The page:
There has been a lot of fuss in London recently about a return to abstract sculpture. Trumping the spectacular mannequins and one-liner ready-mades of YBA sculpture, many young artists have veered towards an abstraction that lacks none of their predecessors' bravado - it's all pink Perspex and neon, fake fur and chrome, candy-coloured carved polystyrene. The materials are modern, tacky and functional - when not used as sculpture, their elements can be found in cheap kitchens, offices, IKEA or packaging. This kind of work has quickly become academic.
It is within this context that the use of the humble found object has become compelling. While Gabriel Orozco's curated section of the Venice Biennale, 'The Everyday Altered', has shown the way, this show, 'Retriever', has gathered together more refreshing work. The objects used by the five artists in the show were found on street corners, at flea markets, rubbish dumps and building sites. Though never casual (everything here is carefully composed), the work has a provisional feel - nothing too fixed, nothing too precious. Most of the artists animated the objects with paint, a strategy that raises certain spectres. If the object is not just retrieved but recuperated, rescued by paint from its base fate on the street corner, then the work risks becoming boringly traditional, à la Picasso's bicycle seat as bull's head. The street corner gets forgotten. However, this is not the case here - mainly because paint works to declare rather than conceal the object.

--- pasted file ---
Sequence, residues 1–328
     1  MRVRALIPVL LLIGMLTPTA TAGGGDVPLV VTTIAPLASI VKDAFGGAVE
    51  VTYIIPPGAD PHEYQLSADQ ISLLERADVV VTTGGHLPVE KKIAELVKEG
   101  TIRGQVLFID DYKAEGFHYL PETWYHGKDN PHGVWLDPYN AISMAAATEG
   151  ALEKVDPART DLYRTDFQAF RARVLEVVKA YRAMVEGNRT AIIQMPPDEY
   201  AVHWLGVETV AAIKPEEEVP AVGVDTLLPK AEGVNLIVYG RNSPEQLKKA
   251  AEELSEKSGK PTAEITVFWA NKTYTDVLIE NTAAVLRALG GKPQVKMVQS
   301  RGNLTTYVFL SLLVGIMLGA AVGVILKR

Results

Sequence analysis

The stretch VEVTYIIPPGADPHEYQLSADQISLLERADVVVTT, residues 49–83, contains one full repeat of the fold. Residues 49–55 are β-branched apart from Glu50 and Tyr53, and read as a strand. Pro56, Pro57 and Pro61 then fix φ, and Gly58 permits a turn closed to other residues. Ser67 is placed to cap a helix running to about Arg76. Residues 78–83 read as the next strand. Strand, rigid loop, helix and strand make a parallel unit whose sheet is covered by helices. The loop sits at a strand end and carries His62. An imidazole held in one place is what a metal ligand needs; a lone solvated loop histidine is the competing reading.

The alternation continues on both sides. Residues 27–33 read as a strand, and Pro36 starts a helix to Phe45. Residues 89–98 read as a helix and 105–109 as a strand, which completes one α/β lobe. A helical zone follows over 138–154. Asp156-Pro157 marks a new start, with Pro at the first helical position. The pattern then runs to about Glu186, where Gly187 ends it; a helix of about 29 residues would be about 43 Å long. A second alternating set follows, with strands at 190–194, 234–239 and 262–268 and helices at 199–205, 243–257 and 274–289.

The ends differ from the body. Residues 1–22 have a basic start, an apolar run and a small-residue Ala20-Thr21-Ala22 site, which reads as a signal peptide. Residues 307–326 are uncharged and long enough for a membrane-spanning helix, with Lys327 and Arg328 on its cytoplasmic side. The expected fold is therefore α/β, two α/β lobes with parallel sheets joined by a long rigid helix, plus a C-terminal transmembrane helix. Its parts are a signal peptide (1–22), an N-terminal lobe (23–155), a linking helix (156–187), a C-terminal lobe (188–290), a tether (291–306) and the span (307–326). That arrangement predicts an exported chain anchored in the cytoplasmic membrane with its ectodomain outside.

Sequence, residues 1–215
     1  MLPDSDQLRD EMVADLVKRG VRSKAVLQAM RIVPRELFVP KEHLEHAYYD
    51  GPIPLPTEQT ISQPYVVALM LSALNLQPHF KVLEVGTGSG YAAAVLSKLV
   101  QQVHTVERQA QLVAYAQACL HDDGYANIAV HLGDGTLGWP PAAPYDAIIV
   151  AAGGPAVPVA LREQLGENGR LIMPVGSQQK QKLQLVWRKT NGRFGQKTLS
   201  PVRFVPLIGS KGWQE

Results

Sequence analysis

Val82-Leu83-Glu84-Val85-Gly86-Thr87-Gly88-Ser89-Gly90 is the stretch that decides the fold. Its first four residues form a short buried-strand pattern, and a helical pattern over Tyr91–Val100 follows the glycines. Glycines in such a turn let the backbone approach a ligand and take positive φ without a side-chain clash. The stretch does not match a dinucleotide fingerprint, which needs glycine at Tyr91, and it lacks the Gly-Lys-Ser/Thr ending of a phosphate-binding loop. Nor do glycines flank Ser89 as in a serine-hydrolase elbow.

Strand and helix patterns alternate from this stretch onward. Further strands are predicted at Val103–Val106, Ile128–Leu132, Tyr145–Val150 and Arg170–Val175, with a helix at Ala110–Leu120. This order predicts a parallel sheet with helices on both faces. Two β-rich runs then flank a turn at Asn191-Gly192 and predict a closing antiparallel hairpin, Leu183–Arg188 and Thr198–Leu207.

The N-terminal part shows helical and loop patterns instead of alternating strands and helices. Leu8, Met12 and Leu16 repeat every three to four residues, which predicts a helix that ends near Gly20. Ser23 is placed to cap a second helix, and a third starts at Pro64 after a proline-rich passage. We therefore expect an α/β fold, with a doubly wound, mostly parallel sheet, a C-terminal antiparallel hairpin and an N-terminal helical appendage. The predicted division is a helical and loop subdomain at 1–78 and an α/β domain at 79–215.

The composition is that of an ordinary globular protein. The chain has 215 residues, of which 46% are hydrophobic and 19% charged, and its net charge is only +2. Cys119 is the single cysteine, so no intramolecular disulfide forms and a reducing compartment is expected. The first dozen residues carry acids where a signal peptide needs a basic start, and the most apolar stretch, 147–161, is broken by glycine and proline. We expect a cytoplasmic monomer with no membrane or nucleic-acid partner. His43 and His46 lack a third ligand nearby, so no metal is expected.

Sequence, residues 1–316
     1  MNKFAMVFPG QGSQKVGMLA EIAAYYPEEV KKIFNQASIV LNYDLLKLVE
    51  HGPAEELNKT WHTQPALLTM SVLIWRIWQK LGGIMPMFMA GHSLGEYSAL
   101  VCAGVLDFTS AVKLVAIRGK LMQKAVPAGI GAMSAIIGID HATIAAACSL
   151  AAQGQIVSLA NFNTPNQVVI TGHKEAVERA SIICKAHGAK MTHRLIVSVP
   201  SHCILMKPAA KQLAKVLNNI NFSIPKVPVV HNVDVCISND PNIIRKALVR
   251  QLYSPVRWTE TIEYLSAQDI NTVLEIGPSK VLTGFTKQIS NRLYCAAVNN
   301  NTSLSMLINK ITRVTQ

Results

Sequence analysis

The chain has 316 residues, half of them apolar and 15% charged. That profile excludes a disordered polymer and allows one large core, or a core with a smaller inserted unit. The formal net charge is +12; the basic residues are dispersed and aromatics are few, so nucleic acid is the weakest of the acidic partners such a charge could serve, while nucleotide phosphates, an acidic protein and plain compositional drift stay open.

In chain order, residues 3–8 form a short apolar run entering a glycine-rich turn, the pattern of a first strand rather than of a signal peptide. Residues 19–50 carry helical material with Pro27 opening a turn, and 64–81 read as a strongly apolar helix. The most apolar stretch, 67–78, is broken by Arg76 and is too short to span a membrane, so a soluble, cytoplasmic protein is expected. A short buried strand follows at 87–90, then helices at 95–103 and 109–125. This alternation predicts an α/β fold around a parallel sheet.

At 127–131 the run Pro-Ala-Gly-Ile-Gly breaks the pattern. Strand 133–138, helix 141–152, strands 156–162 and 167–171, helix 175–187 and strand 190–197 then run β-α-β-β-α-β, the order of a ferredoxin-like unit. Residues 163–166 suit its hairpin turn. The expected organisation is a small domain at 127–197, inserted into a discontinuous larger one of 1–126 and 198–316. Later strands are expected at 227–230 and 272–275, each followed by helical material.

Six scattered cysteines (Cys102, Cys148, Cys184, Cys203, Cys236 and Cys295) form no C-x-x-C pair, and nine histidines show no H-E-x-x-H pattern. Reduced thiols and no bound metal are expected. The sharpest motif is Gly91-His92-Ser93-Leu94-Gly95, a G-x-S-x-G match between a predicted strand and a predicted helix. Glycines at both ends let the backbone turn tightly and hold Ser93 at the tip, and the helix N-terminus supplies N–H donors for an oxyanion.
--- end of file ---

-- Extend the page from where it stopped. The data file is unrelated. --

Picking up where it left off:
To make Vallance Road (all works 2003), Pedro Cabrita Reis took a section of wood that was once part of a boat's galley, and attached it to the wall. A rectangular hole around the size of a sink was drilled in its centre, the wood dirty and stained with glue. Nearby, a rectangular area had been painted green with smooth horizontal strokes. The area was approximately the same size as the sink hole, to which it provided a compositional balance. The colour was vivid and drew out the subtler shifts in the wood's patina. Some parts had darkened with years of damp, while others had always been covered and were paler.